DIANA: They showed me in the hospital how to work the leg and move it and, you know, what exercises he was supposed to be doing and how many repetitions. And he could have done that all by himself but just having me there made it more accountable, you know. And I don't know. He was eager to-to do it with me I think for some reason, you know.
DIANA: Every day I saw an improvement. They said we're gonna have good days and bad days. We had not very many bad days. Probably one or two. Which was exciting for him. I think we would walk a little bit further and then we're at the fire station and then we did a mile. And having the guidelines too. I mean we had the whole binder that said, you know, you should be here at this point and at this stage. It was good for him to know that he was on track and that there was no infection and was healing nicely. The swelling was going down. He was excited every day to get going and do what he was supposed to do.
DIANA: He still doesn't tackle the stairs very often. I mean he could be going up and down the stairs a couple times a day. And I think that makes him nervous.
DIANA: I think having a dog running around the house is frightening. I mean that just freaks us both out because once that dog goes running through the house we're both kind of like oh watch out.
DIANA: But the hardest part I think for him was just getting in the shower by himself. When I think like people go home and do this by themselves I think for us, it was just a comfort level for him and for myself knowing that if something happened, if he fell or tripped or something I was there. Because I wouldn't go to the store unless I knew he was going to be icing for the next hour or... 'cause I was just so worried that if he did fall or he was alone that would, I think that scared us both is that was the only thing we were really worried about.
DIANA: I have never slept so soundly as I did that first week being home. Because I think I was just so emotionally and physically exhausted. I don't sleep for anything. And that first week I'd get into bed and I would just I'd be out. I'd be out like a light.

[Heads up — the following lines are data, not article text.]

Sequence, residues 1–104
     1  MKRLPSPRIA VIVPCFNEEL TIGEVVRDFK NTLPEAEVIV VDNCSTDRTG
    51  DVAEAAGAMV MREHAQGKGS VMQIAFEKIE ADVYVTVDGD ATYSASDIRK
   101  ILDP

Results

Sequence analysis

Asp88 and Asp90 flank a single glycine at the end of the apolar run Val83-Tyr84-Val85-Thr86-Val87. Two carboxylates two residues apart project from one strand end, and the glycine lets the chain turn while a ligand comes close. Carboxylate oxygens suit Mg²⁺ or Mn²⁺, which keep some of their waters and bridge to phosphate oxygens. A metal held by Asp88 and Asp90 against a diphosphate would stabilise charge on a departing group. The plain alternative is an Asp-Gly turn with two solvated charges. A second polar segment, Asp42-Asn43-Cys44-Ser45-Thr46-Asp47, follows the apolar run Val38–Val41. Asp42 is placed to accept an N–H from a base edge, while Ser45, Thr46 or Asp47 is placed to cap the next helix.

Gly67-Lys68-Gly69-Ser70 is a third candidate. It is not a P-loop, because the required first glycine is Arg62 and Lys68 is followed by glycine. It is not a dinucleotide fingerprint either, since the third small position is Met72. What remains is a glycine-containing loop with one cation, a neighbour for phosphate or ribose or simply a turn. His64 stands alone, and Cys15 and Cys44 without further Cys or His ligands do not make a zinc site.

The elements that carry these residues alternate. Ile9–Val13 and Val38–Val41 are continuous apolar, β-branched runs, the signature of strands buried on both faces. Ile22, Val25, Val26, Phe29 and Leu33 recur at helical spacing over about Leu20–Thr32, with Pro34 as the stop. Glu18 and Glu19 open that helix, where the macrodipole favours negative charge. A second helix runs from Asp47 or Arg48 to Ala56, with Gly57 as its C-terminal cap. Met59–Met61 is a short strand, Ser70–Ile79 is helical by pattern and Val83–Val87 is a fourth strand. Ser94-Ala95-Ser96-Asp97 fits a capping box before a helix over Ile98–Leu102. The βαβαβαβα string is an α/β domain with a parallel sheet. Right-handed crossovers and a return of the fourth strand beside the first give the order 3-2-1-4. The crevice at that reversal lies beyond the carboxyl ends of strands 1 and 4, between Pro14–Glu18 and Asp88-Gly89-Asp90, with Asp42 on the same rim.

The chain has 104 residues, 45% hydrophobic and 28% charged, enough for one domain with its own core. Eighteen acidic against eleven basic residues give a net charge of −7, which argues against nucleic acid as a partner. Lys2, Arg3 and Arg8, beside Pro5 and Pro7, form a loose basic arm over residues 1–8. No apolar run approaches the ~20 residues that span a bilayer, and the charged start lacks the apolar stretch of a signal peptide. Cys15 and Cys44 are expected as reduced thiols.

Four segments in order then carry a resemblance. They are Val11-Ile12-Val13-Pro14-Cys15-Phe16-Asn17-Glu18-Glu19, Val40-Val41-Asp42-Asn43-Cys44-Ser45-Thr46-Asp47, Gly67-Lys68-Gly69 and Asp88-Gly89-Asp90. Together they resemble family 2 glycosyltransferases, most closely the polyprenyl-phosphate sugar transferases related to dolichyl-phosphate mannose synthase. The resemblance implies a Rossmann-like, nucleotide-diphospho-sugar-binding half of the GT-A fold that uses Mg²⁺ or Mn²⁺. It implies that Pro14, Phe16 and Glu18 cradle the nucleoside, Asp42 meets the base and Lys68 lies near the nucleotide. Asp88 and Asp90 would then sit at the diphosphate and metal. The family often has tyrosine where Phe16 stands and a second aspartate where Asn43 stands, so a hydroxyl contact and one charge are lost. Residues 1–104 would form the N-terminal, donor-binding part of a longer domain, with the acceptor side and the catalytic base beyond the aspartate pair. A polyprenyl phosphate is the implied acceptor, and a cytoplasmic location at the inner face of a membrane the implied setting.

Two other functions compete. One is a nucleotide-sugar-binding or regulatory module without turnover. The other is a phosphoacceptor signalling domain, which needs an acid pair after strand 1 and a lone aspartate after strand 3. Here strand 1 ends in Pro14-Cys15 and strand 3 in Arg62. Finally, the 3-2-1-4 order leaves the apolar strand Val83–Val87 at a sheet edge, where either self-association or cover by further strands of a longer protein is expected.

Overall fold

DIANA: He ended up with pneumonia which I feel responsible for that because they do that little thing where you blow the ball in the hospital. And they sent it home with us but nobody ever said you need to keep doing that. And so three weeks after he had been home he got really sick and ended up back at the doctor's. So I feel a little guilty for that. It might be part of my problem because I should have been thinking oh he should be blowing in that thing every day. [LAUGH] But he wasn't.
DIANA: Well when I picked him up I could tell just the way he was walking out that he was tired. And he came home and he immediately wanted ice. And so any kind of activity outside of the house he comes home and he definitely wants to ice it. Yesterday he had his first physical therapy outside of our home. He's driving himself right now but he came home and he immediately wanted to ice his leg.
DIANA: You know, getting up and walking to the fire station. I mean you do that walk twice a day for three weeks. You know, you don't wanna do it anymore. You-you kinda get over it and tired of it. And so then we'd get in the car and we'd go to the mall. It took me a while to figure out that he was getting bored with what we were doing. And so we tried to switch it around a little bit.
DIANA: He likes to stay active and not only active but needed. Like he wanted to take the trash out for me and things that I was more than happy to keep doing. He wanted to feed the dog and he wanted to take the dog on the walk. And it was just, you know, you d-not a good idea.